I’m not sure I agree about the film thing, Sam, although I do see what you are saying. But I don’t think you need voice-overs etc to reveal character. Spike Lee, for example, is brilliant at revealing character and giving you an idea of why people do the things they do. I’m also not sure that you need lots of introspection to reveal character in the first place. For example, to pick one of your favourites, I’m not sure how much is revealed of Gatsby’s character – he remains somewhat of a mystery and ambiguous (in fact I have a theory that most of the memorable and great characters in books are strangely unrevealed when you go back to look at it.) I always think it is a bit like painting – that some of the most realistic techniques is all about NOT defining the whole objets but about merging it into darkness – and the eye somehow can’t avoid but see the rest. I think that kind of ambiguity or half-revealed character often works more powerfully in books – that we fill it in from our own experience and can’t help that.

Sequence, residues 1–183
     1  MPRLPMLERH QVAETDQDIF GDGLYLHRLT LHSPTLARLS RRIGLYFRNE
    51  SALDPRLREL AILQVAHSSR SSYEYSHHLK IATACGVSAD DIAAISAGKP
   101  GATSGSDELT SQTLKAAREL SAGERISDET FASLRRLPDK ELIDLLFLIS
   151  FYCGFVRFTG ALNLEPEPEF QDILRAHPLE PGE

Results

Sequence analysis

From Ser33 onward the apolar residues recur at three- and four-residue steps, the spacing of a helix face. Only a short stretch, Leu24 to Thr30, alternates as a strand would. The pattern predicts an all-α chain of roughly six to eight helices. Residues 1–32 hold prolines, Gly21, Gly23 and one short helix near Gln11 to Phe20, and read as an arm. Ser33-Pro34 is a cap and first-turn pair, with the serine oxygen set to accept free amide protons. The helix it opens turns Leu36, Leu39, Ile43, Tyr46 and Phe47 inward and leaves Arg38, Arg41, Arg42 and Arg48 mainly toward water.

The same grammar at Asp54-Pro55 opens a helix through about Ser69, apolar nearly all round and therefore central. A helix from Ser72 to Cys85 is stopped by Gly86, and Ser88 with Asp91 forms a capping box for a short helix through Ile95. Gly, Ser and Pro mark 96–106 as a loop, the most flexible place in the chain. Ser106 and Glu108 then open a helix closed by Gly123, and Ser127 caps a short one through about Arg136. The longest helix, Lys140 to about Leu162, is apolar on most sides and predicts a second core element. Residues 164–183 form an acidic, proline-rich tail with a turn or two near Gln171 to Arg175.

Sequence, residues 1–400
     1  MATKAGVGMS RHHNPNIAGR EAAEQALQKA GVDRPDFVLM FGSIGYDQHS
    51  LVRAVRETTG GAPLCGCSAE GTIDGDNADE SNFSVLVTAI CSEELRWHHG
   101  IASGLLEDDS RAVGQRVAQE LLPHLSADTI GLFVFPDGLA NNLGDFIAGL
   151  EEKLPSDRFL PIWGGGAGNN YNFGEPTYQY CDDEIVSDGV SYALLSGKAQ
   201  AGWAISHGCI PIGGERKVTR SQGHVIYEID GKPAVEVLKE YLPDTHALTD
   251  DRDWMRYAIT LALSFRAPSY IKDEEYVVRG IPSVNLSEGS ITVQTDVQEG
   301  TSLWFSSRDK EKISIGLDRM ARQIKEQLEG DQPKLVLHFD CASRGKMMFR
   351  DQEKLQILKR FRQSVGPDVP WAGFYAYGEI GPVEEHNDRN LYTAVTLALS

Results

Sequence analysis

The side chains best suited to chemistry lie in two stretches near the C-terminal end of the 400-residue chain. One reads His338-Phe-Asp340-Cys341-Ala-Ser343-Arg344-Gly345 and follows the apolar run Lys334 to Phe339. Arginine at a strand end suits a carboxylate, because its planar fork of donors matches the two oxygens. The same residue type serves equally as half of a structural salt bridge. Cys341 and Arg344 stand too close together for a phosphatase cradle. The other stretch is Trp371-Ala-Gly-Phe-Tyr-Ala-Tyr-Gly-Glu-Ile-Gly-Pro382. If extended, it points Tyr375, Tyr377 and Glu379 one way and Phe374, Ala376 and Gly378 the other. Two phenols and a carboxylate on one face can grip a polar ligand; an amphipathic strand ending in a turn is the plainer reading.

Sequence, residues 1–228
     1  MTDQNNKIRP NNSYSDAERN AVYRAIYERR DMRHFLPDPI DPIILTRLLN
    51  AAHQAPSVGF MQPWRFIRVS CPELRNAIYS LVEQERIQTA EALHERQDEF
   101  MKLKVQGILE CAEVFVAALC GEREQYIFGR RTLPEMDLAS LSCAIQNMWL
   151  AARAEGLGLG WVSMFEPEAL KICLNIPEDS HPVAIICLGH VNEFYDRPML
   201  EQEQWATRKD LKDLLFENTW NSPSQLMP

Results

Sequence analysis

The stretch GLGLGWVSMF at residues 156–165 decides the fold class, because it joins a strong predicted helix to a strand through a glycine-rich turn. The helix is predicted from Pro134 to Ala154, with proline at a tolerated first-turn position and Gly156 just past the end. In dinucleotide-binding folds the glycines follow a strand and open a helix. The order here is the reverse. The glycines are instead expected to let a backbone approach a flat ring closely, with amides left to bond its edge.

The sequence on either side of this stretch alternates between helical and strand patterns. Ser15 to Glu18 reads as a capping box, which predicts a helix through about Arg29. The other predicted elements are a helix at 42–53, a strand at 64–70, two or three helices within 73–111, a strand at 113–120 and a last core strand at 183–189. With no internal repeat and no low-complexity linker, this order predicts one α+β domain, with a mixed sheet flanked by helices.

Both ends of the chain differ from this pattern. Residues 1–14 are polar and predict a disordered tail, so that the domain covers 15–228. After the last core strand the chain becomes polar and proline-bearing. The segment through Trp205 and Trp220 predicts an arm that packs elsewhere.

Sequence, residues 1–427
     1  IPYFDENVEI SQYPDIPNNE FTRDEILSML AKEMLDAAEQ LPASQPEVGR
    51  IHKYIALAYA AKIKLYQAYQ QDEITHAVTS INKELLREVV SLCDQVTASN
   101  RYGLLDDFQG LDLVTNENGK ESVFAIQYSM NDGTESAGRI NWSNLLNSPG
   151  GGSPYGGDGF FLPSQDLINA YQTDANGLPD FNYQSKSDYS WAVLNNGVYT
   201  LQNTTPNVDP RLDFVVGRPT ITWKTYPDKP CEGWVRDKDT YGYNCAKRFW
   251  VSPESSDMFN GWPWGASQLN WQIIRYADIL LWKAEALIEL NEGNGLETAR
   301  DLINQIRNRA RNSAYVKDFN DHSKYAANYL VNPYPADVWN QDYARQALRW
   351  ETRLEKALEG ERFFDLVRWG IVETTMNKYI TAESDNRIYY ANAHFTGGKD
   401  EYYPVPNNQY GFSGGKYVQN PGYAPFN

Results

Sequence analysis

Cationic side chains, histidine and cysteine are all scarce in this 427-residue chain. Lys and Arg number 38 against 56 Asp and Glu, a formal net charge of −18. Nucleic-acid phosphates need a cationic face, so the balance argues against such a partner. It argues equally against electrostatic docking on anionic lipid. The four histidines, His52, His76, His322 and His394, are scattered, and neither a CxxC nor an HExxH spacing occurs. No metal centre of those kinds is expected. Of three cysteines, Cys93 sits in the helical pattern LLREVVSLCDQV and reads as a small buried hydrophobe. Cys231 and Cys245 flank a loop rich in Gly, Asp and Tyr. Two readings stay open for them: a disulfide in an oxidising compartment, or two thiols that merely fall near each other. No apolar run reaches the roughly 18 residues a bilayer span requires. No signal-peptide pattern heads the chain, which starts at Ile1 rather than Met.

Sorry – completely off the point now!

  25. Sam
    May 17, 2008

    I really like the point about merging the object into darkness – I think that kind of obliqueness (which, you’re right, is true of Gatsby) can be very effective. Gatsby does remain a mystery. I’d call it an open mystery, though. He clearly wants to be known, but not for who he really is. And, incidentally, a lot is revealed about Nick Carraway, the actual narrator of that novel (Gatsby doesn’t appear in the book nearly as much as people think, which also adds to his mystery, I guess).

    When I say character, I do mean the psychological aspects of it; looking beyond the actions of a person and digging inside their head à la Dosto. How does Spike Lee do it? The only film of his I’ve seen is House Party (?) with the tall, cuboid Afros. I don’t recall that much character being revealed (but I was about eight at the time).

    I like your theory. Many great characters do remain unknown to us, but we are made to understand that they are known to themselves. So we might not know exactly why they are acting in a particular way, but we understand that they are aware that they are acting in a certain way. The character keeps their secrets (much as we do in real life). Which is great. And is, yes, revealing.

  26. rosyb
    May 17, 2008